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WFNX Goes Jockless Before Going Dark

BOSTON — Friday is the last day listeners will hear live DJs on WFNX-FM, Boston’s last independently owned radio station. DJs from WFNX’s 30-year past will man the mics before programming is automated at 7 p.m.

Neal Robert is one of them. He hosted afternoons in the 1980s and ’90s and the popular show “Asleep at the Wheel.”

“It’s a big honor, but it’s also somewhat daunting,” Robert said. “You know it’s a station I really grew up at and it’s very strange to be coming back to be shutting it off.”

Clear Channel bought WFNX’s signal in May for $14.5 million, shocking loyal listeners and musicians.

The station has been introducing new bands, including Nirvana, to Boston’s airwaves since 1983. WFNX gained a national reputation as an outlet with a knack for identifying the next cool thing.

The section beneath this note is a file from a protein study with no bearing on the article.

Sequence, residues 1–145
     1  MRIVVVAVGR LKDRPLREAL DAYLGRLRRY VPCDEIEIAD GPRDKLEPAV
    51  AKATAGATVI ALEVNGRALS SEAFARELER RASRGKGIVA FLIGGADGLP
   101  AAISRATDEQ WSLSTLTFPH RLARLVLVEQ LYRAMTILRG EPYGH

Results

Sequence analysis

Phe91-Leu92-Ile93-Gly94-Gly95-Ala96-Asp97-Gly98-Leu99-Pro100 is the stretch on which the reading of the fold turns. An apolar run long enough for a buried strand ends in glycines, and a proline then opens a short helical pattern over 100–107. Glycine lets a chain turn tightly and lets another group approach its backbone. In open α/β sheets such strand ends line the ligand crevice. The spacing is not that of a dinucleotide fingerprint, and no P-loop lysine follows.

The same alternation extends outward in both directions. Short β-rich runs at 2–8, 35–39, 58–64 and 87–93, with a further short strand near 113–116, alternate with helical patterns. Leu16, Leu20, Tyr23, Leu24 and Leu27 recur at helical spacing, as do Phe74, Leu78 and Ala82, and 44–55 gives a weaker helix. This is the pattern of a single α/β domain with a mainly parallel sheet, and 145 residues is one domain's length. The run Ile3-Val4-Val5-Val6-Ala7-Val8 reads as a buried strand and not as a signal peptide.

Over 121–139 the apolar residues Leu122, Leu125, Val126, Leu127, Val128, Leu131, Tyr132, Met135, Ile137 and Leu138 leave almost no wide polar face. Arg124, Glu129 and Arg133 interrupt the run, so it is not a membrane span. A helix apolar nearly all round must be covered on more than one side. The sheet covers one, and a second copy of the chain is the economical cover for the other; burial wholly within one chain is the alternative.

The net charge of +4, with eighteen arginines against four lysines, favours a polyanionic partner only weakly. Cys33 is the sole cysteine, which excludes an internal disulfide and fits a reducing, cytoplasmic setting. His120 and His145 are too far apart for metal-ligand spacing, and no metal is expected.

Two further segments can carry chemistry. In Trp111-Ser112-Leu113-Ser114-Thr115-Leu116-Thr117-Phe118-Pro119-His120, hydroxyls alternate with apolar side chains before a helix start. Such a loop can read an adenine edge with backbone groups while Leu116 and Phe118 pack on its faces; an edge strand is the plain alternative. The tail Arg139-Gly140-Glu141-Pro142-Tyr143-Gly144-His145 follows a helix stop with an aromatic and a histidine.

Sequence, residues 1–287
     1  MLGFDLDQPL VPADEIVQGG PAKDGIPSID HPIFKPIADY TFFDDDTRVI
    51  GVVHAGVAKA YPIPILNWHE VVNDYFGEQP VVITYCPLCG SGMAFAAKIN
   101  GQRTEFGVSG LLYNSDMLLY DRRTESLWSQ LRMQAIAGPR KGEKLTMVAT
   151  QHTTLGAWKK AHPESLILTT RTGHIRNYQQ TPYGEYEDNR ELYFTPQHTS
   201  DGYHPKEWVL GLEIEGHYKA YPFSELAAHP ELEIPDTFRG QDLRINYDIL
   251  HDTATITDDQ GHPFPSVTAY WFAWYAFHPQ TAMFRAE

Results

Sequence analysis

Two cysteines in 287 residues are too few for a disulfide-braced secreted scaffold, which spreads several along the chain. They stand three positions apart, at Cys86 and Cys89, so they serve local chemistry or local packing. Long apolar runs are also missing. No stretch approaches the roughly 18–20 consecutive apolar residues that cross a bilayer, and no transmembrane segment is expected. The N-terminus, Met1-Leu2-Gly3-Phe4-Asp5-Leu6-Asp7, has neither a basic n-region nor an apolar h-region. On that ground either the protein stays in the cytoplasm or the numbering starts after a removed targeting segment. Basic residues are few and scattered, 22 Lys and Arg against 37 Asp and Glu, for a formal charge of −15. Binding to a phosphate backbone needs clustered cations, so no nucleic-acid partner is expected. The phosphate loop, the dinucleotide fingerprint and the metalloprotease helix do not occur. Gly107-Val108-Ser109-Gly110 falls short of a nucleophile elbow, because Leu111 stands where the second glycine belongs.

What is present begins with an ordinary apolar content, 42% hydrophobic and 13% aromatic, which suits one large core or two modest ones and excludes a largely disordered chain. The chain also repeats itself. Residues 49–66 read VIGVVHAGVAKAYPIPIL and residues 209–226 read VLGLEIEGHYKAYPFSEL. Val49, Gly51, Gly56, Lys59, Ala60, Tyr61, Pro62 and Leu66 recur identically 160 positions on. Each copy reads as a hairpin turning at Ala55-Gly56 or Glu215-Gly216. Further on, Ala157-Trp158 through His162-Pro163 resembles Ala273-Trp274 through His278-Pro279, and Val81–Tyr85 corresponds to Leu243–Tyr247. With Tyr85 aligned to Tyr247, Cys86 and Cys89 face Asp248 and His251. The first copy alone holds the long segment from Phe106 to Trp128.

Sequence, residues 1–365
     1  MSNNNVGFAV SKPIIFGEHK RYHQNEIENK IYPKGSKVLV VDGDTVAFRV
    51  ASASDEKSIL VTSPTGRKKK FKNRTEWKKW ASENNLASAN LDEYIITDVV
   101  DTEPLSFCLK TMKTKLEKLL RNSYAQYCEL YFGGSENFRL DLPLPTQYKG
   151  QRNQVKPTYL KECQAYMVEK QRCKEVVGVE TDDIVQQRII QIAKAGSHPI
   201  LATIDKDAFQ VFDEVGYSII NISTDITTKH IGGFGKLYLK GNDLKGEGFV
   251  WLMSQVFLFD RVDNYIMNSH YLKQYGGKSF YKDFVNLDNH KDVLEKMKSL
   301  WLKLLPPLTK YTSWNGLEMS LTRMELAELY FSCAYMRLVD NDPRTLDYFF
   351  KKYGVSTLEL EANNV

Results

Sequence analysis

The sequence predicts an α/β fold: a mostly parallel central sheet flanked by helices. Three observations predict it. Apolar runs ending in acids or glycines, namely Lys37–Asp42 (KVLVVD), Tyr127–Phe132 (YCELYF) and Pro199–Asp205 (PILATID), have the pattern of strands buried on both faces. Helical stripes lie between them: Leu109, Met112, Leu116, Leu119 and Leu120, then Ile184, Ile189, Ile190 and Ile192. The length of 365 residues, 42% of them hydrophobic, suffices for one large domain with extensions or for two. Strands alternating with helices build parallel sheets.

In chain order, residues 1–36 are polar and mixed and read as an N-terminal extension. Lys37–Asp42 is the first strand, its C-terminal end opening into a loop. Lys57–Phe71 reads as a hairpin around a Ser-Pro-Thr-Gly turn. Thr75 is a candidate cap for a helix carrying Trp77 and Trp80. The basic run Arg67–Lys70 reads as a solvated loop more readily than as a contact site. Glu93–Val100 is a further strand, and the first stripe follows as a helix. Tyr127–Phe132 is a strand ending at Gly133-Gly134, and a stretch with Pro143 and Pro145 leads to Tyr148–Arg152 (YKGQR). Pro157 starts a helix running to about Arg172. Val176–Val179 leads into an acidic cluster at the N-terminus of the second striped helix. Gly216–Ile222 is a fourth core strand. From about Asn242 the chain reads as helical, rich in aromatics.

“We were only a 3,000-watt station,” Robert recalled. He started as an intern in 1984. “I think a lot of people didn’t really give us much credit early on, but then people realized that this was something happening in Boston, and it was alternative rock before it was actually named alternative rock.”

Robert hasn’t worked at WFNX since 2000. He said he stopped working there after realizing how tough it is to make a living in the indie music radio marketplace.

“At one point we used to drop songs when they became too popular,” the former DJ said. “Which is really unusual for a radio station. In fact, it doesn’t really work well on the business side, but it was who we were.”

Most of WFNX’s most recent staff was laid off when the station was sold.

Jock-less programming on 101.7 FM will continue until Clear Channel initiates its own broadcasts.

After that, WFNX will continue as a fully automated, Web-only streaming station.

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